Two Greek-owned tankers purportedly carrying Iranian gasoline to Venezuela

Published ∼ Updated 4 months ago

Yesterday (2020-05-28), the Wall Street Journal published an article called Wielding Sanctions, U.S. Disrupts Iranian Fuel Shipments to Venezuela which states that two Greek-owned, Liberian-flagged tankers, the BELLA and BERING, had picked up Iranian gasoline for delivery to Venezuela.

We can say that we are familiar with BERING, but only by “face” and not name. As we do not normally track refined products (our focus is mostly crude oil and gas condensates), we happened to sight her in early March near Iraqi waters when we were doing our broad scan of the region for cloaked STS (Ship-to-Ship) transfers. We didn’t log that STS as crude oil, but definitely looked like refined product, most likely fuel oil, which is normally transported to ports for fueling up vessels with; also known as bunker fuel. Below, you can see her engaged in that 2-day long STS with an Iranian VLCC called HENNA.

In any case, our findings show that the BELLA did an STS with another known (to us) tanker called PANDI off the coast of Sharjah, United Arab Emirates. We first spotted PANDI back in January 2020 when she was engaged in an STS with an Iranian VLCC called DESTINY.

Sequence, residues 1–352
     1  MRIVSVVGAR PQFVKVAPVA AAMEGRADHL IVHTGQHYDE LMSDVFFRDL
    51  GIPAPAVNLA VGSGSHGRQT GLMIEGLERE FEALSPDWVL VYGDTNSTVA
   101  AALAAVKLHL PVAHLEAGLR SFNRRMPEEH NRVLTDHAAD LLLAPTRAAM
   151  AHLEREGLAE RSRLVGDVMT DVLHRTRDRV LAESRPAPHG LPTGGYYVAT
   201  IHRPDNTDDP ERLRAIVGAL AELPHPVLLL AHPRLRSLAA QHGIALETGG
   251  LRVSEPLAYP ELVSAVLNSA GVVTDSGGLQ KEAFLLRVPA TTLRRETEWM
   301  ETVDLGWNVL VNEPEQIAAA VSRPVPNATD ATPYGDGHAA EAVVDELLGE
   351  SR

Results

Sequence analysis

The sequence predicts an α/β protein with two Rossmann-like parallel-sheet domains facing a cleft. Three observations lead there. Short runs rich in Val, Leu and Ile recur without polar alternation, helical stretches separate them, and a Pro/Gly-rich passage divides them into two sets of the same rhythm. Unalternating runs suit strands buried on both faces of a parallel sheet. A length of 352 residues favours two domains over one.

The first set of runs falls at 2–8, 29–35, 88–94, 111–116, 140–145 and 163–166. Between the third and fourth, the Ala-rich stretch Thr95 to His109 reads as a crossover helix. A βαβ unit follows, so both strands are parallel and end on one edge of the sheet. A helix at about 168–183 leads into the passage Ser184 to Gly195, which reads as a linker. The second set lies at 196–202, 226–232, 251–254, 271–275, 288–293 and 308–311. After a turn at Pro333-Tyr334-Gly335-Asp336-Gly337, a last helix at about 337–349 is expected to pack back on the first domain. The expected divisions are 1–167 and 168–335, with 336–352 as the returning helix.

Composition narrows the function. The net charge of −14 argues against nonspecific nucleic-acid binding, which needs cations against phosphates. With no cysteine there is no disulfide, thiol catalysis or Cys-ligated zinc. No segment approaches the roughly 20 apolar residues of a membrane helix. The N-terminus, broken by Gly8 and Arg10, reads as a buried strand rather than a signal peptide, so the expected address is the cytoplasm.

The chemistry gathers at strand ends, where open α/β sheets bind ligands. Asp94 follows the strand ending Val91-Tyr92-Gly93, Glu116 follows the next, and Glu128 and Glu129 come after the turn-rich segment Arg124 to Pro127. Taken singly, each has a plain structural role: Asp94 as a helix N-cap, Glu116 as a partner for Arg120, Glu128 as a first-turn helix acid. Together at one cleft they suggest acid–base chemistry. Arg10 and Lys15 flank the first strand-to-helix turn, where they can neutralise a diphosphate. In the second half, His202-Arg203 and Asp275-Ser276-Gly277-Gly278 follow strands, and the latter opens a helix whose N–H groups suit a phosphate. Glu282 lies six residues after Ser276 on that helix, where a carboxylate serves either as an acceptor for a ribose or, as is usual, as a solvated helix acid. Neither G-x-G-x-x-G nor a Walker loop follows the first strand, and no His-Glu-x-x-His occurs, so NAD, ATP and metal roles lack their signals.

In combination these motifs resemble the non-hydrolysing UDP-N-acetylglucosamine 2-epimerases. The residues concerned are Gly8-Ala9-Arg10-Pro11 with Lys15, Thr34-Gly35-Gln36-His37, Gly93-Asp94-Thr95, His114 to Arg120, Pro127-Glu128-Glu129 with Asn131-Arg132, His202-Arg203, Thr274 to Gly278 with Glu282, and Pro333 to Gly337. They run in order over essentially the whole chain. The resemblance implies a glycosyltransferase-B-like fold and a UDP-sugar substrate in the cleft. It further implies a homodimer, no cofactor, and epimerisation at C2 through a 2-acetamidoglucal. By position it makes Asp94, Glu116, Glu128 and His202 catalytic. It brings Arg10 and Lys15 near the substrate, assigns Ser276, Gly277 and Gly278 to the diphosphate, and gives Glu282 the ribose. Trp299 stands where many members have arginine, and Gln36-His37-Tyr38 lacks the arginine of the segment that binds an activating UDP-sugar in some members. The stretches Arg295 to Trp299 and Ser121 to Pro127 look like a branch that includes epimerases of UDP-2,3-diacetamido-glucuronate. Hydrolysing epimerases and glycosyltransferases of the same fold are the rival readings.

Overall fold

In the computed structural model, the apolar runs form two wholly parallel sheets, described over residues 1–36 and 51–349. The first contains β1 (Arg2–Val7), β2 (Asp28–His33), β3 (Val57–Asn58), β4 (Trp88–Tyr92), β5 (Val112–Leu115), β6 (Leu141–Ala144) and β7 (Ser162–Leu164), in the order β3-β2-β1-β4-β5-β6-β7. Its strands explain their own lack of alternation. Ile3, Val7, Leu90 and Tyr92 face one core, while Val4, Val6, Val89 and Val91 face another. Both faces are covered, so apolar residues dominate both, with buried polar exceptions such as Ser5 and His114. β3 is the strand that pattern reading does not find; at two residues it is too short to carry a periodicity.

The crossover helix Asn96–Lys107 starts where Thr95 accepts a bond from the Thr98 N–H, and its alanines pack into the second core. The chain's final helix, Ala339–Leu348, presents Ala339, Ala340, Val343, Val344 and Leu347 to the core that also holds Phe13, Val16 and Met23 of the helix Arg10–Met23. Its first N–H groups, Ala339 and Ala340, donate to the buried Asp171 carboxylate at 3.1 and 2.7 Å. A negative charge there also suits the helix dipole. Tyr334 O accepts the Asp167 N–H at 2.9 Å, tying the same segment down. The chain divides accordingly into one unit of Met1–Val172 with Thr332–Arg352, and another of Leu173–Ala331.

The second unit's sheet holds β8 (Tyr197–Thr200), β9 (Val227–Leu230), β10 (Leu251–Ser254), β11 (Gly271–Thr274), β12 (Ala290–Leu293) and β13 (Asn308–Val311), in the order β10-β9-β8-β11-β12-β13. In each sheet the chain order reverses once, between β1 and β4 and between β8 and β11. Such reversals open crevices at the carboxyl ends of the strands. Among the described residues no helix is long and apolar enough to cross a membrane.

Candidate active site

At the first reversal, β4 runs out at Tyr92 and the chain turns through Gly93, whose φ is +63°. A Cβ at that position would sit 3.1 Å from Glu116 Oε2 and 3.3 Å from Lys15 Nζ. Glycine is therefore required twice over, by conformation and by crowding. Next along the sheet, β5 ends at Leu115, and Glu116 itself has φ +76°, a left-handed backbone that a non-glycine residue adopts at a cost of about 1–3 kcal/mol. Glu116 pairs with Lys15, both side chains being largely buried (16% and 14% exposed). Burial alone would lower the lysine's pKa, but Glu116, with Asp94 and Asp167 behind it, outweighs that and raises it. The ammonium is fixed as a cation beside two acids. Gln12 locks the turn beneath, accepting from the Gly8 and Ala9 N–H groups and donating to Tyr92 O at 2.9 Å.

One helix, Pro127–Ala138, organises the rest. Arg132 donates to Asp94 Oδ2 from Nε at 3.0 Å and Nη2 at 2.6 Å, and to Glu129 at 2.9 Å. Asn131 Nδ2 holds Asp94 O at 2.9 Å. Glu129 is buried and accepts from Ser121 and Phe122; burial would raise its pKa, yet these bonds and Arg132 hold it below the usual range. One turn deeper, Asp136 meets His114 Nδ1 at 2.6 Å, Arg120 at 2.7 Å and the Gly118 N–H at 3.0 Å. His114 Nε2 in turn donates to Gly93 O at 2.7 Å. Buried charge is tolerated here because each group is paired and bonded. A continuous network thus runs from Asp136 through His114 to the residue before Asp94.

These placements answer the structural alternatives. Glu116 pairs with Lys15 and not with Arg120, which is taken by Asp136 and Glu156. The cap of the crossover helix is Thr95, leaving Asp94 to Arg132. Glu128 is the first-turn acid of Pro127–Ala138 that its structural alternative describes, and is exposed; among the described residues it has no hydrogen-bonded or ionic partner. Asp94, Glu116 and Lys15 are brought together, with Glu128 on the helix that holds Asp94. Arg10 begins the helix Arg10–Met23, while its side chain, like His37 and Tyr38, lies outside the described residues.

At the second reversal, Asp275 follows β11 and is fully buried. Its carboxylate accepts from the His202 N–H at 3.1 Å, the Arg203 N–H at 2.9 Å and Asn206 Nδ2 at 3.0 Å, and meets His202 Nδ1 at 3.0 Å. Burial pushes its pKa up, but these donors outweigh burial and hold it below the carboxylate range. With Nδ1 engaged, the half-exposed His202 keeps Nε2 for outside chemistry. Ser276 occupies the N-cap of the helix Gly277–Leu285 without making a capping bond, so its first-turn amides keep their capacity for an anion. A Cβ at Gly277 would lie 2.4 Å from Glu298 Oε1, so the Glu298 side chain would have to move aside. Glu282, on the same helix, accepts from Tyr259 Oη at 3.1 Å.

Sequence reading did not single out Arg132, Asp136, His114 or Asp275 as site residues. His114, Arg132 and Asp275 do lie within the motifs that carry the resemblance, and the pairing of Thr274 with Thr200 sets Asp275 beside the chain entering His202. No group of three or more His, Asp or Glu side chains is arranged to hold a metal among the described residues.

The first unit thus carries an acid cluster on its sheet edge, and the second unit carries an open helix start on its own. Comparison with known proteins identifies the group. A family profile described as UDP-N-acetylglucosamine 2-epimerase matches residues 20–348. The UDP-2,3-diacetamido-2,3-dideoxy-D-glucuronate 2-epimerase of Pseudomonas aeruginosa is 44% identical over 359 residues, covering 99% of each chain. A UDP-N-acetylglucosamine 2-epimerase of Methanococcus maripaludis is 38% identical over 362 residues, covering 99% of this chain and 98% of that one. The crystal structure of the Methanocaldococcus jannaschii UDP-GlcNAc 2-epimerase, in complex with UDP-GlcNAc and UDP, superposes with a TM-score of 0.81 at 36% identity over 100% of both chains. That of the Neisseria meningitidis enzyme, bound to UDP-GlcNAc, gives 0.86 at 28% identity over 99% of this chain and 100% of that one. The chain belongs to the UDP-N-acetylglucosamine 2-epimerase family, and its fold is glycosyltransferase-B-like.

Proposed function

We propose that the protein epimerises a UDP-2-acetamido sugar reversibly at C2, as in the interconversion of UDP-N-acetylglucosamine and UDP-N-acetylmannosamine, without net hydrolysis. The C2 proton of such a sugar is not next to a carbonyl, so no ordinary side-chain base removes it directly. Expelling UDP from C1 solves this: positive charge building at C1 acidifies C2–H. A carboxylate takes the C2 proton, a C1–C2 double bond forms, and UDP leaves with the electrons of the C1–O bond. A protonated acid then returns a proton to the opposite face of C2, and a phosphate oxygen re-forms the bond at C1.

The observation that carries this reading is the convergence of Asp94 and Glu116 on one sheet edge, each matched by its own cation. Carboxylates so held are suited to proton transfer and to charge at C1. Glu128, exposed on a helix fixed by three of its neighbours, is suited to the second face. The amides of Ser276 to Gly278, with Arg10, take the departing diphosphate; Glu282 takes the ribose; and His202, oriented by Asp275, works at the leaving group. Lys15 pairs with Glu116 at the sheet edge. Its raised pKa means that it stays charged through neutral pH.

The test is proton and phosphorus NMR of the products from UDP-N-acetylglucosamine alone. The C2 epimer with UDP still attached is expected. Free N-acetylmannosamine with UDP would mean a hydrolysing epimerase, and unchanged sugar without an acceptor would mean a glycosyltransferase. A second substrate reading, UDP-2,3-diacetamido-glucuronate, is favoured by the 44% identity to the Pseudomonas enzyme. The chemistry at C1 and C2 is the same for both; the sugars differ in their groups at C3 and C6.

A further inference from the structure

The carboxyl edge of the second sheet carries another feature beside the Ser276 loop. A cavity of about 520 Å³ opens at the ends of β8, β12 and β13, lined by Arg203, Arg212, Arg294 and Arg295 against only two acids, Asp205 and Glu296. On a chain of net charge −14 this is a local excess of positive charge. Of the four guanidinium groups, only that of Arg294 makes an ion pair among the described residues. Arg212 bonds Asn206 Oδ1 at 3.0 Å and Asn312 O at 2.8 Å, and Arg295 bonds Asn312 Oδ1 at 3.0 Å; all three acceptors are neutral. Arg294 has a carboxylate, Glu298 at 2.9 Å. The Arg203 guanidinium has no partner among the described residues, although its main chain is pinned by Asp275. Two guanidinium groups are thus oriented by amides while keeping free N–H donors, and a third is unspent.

As for the BERING, her STS was inside the UAE port of Sharjah, during the same week as BELLA did hers just directly off that port. BERING tethered with SPLENDOUR, a Ukrainian-owned and Panamanian-flagged tanker that routinely picks up Iranian hydrocarbons off the coast of Iraq and hands it over to other vessels at the port in Sharjah.

Interestingly enough, according to AIS data (as imagery wasn’t available on 2020-03-31), the SPLENDOUR did an STS within the port of Sharjah with a tanker called SABELLA, which then shipped fuel to Aden, Yemen. She is a Hong Kong-owned and Panamanian-flagged.

Back to the original BELLA and BERING duo. Both are owned by seperate Greek companies based in Piraeus. After having picked up said cargo from Sharjah, they both departed for the anchorage of a tiny island in Greece called Antikythera. After they arrived there in early May, the BELLA switched off her AIS on May 6th and BERING did the same on May 11th. According to reports, the US State Department threatened with sanctions on both companies as well as the nation of Liberia for allowing their use of the Flag of Convenience (FOC).

Two Liberian-flagged, Greek-owned ships that “were en route to Venezuela carrying Iranian fuel, scrapped their deliveries after the U.S. threatened sanctions,” a senior U.S. official told Fox News.**

What’s odd is that these two vessels are still offline in regards to AIS. You’d expect them to be pinging by now after what they’ve reportedly been told.

BELLA (Handysize) is laden with 245,721 barrels while BERING (Handymax) is laden with 323,293 barrels according to our estimates.

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